Mark Bullimore, MCOptom, PhD, FAAO, discussed myopia control in a panel at EyeCon 2023, highlighting evidence-based treatments, myopia's impact on visual impairment, and a multidisciplinary conversation involving optometrists and ophthalmologists to address the growing issue of myopia management.
Mark Bullimore, MCOptom, PhD, FAAO, discussed myopia control in a panel at EyeCon 2023, highlighting evidence-based treatments, myopia's impact on visual impairment, and a multidisciplinary conversation involving optometrists and ophthalmologists to address the growing myopia issue. He sat down with Sheryl Stevenson, group editorial director - eye care, to provide this recap of the panel discussion.
Editor's note - This transcript has been edited for clarity.
Mark Bullimore, MCOptom, PhD, FAAO: It's great to be here! My name is Mark Bullimore. I'm affiliated with the University of Houston, College of Optometry, but I live in Boulder, Colorado and spend most of my time working with companies large and small, a number of whom have an interest in myopia.
So I was part of a panel of speakers in Sanibel, Dr. Deborah Jones [FCOptom, FAAO, FBCLA] from the University of Waterloo, and Dr. Katherine Weise [OD, MBA, FAAO] from the University of Alabama at Birmingham. And we presented on a number of topics, including, in no particular order, the treatment options available for controlling myopia and also delaying its onset. We relied heavily on evidence-based literature for that.
We talked also about the role that myopia plays in uncorrectable visual impairment and a little sound bite is that in the US, myopia is actually responsible for around about a quarter to a third of uncorrectable visual impairment. So something that perhaps we haven't been aware of until recently.
And then we talked about some clinical-based issues. For example, when you should start myopia control; when you should finish myopia control; and what potentially are the best options given that we have a range of things available. Our resounding answer was the one that the child will use because like any therapy if you don't have compliance you're not going to get good results. So that's where we get to be the doctor and match the range of options we have available to the lifestyle of the child and perhaps the preferences and experiences of the parents.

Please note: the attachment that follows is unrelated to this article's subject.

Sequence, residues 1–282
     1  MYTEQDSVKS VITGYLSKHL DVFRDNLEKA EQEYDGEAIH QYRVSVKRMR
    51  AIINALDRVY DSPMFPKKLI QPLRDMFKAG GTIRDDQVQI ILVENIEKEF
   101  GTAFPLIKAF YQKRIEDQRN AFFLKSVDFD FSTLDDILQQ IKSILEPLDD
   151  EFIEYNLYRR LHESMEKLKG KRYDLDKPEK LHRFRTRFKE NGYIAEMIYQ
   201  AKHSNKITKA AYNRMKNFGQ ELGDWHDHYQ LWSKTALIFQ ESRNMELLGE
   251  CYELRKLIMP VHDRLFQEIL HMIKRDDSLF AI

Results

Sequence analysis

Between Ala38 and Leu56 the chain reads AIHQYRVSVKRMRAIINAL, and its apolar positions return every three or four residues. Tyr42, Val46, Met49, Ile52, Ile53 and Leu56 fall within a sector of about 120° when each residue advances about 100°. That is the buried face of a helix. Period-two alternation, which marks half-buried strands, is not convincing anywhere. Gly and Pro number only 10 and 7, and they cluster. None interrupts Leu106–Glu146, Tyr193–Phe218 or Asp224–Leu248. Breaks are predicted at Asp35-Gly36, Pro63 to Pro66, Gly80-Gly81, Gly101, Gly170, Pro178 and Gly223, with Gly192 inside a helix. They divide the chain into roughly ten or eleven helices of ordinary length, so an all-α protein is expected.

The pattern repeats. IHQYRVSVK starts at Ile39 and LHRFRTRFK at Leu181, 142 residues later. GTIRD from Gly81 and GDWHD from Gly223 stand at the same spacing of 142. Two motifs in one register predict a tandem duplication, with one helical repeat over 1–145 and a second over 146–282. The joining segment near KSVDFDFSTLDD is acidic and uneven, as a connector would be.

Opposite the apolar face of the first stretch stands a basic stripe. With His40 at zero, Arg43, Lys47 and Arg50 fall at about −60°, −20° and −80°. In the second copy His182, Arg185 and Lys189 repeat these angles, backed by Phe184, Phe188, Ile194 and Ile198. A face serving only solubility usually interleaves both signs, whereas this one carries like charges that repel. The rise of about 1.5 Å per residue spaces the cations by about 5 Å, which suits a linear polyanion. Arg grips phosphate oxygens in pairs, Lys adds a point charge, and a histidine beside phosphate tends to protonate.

Sheryl Stevenson: Can you talk a little bit about the multidisciplinary approach? Obviously, we had optometrists and ophthalmologists in the room together talking about their approaches. What are your thoughts?
Bullimore: Well, I think everybody has a role to play. There are a lot of pediatric ophthalmologists that are probably a little overwhelmed and the last thing they might want is hundreds of myopia patients in their practice when they've also got squint [strabismus] patients and congenital diseases, hereditary conditions, retinoblastoma, and retinopathy of prematurity to deal with.
Obviously, a large portion of the pediatric eye care in the US is carried out by optometrists and fortunately with a broad scope so both ophthalmology and optometry have the ability to manage these patients. Now, each discipline may have preferences and ophthalmology may have a little bit of an aversion to put a child into contact lenses, particularly one that they would sleep in, and that's fine, and they may lean more towards pharmaceutical approaches. Optometrists tend to probably start with optical approaches and add pharmaceutical as a secondary combined approach.
But lots for everybody to do. And we all need to be in this together if we're going to actually tackle this myopia problem in the way that we should.